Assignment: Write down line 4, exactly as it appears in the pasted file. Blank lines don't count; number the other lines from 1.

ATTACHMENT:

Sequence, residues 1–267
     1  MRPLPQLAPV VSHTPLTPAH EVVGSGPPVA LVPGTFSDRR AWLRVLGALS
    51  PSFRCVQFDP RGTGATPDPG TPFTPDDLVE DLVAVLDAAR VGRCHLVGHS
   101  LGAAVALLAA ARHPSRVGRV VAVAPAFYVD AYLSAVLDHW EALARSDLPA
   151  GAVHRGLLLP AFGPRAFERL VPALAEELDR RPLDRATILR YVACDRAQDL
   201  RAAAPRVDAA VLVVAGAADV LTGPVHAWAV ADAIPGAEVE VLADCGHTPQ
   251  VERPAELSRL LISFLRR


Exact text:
   101  LGAAVALLAA ARHPSRVGRV VAVAPAFYVD AYLSAVLDHW EALARSDLPA